6 weeks ago I was preparing for my third craniotomy. Tonight I am preparing for the first of day of radiotherapy.
It has been a busy fortnight. The Funny Boy returned to work so I’m getting used to flying solo again. I continue to visit @maggiescentres to help prepare for the upcoming weeks and months, and I have started wig ‘shopping’ which is proving to be a surreal experience and really testing my decision making skills. I am hoping I’ll find something I like this week.
Over the last few days I have been blown away by family, friends and colleagues who have shown me their support. From a surprise crew of runners from my hockey club at Park Run on Saturday to lovely hampers in the post and a ‘Radiotherapy Advent’ of treats to open everyday of treatment – I am a very lucky girl ❤️
I’m sorry for the slow response but I will reply to everyone. I want to say thank you and let you know your kind words of encouragement mean so much!
Just before Christmas we recieved the news that the pathology from my recent craniotomy suggests my tumour is a stage 3. As a result on Monday 20th January I’ll be starting radiotherapy for 6 weeks and following this I’ll begin chemotherapy which I’ll be on for up-to a year.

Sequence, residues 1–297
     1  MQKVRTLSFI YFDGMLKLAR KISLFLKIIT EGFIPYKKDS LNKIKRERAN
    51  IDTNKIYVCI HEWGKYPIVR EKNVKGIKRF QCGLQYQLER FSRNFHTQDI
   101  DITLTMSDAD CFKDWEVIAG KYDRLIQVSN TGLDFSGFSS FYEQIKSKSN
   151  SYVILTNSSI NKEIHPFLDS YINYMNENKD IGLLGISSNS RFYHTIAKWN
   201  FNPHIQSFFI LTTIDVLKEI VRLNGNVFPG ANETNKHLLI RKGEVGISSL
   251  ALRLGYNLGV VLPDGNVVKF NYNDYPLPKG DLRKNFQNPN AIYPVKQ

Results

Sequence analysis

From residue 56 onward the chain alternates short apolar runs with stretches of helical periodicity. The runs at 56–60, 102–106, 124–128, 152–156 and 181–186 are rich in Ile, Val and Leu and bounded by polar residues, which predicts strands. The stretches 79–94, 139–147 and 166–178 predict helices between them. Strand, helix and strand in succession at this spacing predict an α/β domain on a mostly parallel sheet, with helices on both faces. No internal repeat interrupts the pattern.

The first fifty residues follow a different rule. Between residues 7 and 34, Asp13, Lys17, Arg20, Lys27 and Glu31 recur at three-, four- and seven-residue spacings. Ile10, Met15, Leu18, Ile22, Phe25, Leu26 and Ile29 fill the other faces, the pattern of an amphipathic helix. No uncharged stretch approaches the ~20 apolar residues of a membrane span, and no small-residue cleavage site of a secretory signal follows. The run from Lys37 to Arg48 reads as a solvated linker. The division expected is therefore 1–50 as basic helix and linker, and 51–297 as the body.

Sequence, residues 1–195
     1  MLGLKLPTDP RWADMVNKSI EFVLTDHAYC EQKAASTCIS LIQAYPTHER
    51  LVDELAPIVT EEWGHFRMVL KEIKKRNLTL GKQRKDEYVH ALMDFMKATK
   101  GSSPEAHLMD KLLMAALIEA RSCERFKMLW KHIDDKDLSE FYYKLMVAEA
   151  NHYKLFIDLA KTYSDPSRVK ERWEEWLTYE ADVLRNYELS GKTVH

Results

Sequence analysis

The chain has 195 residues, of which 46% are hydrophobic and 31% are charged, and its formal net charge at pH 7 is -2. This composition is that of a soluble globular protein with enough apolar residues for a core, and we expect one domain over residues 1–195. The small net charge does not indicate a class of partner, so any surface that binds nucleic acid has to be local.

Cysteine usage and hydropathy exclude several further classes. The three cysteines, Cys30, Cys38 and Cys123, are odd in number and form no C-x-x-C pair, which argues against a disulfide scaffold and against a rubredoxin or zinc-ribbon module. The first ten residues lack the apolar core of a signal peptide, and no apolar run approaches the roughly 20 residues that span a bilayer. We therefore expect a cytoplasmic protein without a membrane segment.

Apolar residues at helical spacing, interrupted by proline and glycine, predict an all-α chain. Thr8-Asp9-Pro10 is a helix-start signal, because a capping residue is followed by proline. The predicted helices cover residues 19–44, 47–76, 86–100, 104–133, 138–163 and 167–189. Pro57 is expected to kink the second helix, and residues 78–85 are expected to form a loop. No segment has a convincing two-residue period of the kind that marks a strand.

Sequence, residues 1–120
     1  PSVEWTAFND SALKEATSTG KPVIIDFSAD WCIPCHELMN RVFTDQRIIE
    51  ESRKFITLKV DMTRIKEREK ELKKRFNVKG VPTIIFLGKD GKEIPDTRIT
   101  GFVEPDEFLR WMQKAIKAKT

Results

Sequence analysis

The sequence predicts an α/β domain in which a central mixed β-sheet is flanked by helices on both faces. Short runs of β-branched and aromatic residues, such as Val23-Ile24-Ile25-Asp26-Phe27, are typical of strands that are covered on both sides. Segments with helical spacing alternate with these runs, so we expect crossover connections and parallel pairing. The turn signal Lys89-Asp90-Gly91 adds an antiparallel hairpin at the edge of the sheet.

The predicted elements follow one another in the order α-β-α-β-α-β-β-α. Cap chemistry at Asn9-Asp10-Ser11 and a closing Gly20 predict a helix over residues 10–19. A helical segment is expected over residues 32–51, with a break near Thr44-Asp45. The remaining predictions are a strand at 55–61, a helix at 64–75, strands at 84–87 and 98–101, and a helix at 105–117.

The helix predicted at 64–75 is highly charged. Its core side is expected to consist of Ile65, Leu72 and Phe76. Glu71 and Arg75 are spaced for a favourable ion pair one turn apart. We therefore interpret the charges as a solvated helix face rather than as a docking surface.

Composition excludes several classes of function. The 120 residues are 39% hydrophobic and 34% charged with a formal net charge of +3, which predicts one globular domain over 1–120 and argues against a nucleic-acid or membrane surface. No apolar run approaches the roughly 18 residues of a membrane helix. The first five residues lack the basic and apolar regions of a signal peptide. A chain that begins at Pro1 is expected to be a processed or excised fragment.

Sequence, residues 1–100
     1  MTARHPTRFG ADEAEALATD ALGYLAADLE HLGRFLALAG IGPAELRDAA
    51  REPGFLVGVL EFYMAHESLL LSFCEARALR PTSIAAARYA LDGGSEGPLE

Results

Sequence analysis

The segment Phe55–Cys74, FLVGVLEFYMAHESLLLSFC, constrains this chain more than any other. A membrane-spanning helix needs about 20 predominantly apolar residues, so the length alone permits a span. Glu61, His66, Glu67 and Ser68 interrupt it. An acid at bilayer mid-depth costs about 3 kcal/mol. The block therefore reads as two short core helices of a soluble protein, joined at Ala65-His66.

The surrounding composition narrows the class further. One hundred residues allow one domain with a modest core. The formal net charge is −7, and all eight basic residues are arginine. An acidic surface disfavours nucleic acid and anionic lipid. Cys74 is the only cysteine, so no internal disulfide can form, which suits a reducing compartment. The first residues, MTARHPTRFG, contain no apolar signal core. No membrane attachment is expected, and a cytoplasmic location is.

The news knocked the wind out of my sails and left me emotionally exhausted. Thankfully, having allowed time to let the news settle and with the amazing support of my nearest and dearest I am feeling ready to take on the next climb in this marathon called cancer.
The biggest side effects predicted are fatigue, nausea and hair loss.
As always, I’m focusing on the positives: I am strong, I have an incredible team (medically and socially) and I’m prepared to give it all I’ve got. I’m really grateful to everyone who has been in touch to offer support.
A huge part of my coping mechanism is physical activity and I’m delighted to say my oncologist has not only given me the ‘OK’ but encouraged me to keep running. As a result the Funny Boy and I have signed up for RED January (www.redjanuaryformind.co.uk) and I’m now loving Park Run (www.parkrun.org.uk) On that note – if you’d like to join me for a run please get in touch. Always keen for a run buddy and it is a good excuse for brunch after.
Im currently researching wigs. If anyone has any experience and advice – I’d be really grateful for any pointers.
I hope 2020 has been good to you so far and I look forward to see you in the coming weeks and months. BRING IT ON!
We opened January with me still in recovery from my second craniotomy and within the second week I was back in theatre having my appendix removed. Unfortunately I picked up a post-op infection which kept me in hospital for another 10 days. I was the most physically sick I have ever been and lost a stone in weight.